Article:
I’m hoping to publish in another forum a more detailed review of Peter Boghossian’s A Manual for Creating Atheists, so my comments here will not be especially comprehensive. But I was, in some important ways, rather disappointed with the book, and I want to express a bit of that disappointment here.
So this morning I had a moment of stark realization. My son has never attended a real Passover seder.
We’ve given ourselves some passes on this; a seder is long and difficult for adults to sit through, let alone children, and a kid with autism and non-stop chattiness…well, a seder just didn’t seem like a great fit.
(This is the first in a series of posts on my thoughts about pitching–both as a public proposition and in a more musical sense–Humanistic Judaism. This post will discuss what I think the challenge is Humanistic Judaism faces in gaining traction among American Jews. In the coming posts in the series, I’ll think a bit about how we might do that, and how we might pitch Humanistic Judaism outside our own circles–particularly since Americans don’t do doctrine much in their selection of a religious community.)
Last November (it seems like ages ago, so much has happened!) I went to a retreat for rabbinical students that was sponsored by Clal‘s Rabbis Without Borders. (Many thanks to Rabbi Chalom at IISHJ for encouraging me to go.) Students from various denominations and seminaries attended–Yeshivat Chovevei Torah (an “Open Orthodox” yeshiva), Jewish Theological Seminary and Ziegler (Conservative-affiliated schools), the Academy of Jewish Religion (nondenominational), HUC-JIR (Reform), RRC (Reconstructionist), ALEPH (Renewal) and IISHJ.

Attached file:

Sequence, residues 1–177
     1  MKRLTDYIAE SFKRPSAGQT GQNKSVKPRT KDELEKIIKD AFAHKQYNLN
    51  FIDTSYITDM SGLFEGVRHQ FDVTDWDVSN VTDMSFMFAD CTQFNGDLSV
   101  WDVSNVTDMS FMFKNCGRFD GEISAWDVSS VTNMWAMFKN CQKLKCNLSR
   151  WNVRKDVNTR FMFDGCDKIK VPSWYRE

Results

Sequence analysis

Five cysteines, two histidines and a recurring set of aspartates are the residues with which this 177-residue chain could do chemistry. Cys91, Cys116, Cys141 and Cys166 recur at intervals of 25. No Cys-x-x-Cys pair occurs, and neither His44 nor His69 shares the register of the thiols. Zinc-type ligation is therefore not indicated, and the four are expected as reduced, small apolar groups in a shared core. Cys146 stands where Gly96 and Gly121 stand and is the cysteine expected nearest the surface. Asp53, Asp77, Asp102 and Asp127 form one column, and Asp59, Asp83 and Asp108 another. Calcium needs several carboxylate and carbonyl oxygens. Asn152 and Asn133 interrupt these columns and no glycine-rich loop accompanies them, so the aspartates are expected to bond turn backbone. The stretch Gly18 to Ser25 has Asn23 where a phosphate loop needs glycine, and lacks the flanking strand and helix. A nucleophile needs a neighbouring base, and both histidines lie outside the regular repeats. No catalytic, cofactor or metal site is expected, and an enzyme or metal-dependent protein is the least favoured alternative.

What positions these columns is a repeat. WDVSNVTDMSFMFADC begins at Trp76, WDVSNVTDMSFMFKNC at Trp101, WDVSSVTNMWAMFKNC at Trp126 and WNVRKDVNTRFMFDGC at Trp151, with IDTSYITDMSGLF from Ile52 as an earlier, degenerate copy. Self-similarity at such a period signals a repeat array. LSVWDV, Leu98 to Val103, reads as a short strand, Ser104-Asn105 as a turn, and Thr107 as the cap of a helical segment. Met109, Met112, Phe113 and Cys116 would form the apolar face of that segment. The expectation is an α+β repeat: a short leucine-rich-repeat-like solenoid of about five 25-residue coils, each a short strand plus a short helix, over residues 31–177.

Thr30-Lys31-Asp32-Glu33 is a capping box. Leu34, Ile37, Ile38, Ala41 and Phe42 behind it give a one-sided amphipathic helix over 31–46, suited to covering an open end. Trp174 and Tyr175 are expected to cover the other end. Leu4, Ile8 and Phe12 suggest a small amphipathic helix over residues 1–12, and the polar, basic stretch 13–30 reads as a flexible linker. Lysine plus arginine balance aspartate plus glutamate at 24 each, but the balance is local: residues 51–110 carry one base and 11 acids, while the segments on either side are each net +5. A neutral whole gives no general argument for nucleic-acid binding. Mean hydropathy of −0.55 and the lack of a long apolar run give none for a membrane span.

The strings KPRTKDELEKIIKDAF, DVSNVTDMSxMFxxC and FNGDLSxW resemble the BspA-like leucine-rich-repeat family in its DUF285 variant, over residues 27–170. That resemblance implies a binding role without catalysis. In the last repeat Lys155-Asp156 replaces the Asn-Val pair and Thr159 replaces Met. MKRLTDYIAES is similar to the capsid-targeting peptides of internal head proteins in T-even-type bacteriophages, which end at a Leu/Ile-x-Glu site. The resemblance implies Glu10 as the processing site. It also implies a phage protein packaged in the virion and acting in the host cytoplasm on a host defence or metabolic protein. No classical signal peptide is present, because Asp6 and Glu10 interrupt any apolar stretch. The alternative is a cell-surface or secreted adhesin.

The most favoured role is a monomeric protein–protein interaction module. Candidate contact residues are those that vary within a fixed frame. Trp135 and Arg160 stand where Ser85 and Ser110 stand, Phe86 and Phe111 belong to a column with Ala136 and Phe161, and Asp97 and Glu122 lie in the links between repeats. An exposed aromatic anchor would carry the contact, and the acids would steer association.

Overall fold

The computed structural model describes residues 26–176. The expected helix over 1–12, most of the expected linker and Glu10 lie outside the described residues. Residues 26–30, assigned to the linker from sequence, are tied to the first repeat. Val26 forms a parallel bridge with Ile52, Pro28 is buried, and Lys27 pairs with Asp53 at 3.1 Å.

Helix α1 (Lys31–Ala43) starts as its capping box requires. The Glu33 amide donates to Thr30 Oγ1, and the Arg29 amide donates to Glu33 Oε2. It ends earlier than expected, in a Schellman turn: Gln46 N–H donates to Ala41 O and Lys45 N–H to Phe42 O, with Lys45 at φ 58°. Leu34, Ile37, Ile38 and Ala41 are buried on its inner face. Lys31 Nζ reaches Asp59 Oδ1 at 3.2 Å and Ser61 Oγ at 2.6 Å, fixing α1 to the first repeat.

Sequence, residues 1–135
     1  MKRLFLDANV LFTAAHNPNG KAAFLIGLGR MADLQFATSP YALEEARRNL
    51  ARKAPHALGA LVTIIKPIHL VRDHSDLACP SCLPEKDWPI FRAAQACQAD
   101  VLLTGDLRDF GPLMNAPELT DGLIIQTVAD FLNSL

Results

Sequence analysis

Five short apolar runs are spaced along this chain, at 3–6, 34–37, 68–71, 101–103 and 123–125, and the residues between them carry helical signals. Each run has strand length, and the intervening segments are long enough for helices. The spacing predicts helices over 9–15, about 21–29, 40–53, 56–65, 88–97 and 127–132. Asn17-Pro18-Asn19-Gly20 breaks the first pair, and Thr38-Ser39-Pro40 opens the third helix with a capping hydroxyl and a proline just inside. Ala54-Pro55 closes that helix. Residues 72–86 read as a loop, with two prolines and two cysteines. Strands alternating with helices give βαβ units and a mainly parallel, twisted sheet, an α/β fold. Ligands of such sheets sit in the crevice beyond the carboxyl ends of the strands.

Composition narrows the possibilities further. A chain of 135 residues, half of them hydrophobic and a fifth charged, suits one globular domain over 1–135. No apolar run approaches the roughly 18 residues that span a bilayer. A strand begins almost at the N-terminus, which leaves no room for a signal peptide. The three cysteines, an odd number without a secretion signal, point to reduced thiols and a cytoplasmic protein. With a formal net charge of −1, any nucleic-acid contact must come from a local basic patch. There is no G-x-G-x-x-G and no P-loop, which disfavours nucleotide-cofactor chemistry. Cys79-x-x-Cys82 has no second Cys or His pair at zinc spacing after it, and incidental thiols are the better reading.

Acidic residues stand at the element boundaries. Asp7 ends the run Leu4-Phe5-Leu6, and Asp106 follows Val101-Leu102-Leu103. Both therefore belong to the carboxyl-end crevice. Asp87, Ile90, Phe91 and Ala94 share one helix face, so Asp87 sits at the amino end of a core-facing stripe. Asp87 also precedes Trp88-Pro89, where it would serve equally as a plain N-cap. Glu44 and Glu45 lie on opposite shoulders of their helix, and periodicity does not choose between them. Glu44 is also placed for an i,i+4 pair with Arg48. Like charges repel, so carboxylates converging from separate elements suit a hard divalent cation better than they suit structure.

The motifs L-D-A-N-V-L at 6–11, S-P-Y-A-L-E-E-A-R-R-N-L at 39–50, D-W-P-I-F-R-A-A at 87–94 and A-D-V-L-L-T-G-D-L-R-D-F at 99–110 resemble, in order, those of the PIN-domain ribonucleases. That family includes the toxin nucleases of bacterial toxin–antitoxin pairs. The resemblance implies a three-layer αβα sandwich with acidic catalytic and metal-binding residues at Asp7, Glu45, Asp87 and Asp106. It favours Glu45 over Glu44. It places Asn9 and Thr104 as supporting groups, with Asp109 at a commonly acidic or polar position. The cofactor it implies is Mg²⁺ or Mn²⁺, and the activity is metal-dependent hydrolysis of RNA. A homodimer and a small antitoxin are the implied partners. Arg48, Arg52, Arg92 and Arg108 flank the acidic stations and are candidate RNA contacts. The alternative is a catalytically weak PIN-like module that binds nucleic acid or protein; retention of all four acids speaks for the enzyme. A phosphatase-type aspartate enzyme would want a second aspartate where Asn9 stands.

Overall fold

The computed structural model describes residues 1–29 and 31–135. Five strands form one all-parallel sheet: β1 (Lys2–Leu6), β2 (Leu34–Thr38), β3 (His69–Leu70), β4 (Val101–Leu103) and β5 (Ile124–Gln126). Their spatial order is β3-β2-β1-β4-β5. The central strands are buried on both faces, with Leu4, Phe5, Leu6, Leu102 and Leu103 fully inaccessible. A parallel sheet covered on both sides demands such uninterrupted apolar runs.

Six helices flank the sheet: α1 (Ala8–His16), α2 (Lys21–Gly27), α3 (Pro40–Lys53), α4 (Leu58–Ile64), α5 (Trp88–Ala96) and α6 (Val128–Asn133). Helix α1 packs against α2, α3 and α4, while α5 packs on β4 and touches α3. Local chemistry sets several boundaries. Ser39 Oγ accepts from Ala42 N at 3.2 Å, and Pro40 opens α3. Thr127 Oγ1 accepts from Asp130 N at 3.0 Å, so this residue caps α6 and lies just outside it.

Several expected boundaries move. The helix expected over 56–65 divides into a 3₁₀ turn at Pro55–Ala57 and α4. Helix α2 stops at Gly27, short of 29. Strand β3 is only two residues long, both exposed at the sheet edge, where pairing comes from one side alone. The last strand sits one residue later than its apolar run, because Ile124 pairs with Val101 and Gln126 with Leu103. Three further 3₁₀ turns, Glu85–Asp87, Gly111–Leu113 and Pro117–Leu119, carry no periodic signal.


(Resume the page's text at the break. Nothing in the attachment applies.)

Surely you’ve noted I’m in Indianapolis. This means that, for most of the week, we haven’t gone outside. Because COLD.
School has been closed since the Winter Break in December, and everyone with a kid who’s not yet been returned to school is probably noticing that said kid is getting a little stir crazy.
No doubt trying to help, after my wife mentioned the situation on Facebook, one of the folks who works for the local Jewish community chimed in with the wishing-to-be-helpful response that the local JCC was providing aftercare (after-school care) services starting at 9 a.m. today. Which is nice, unless you’ve got a kid with special needs.
My wife, showing the better side of–valor? something?–said somewhat obliquely that we haven’t used the aftercare program because the JCC doesn’t have the space or manpower to deal with our needs.
I’ve recently finished reading Avrom Bendavid-Vol’s The Heavens Are Empty: Discovering the Lost Town to Trochenbrod. If you haven’t seen this book about, it’s a non-fiction account of the history of the town that Jonathan Safran-Foer’s Everything Is Illuminated centers on.
So, what are my impressions?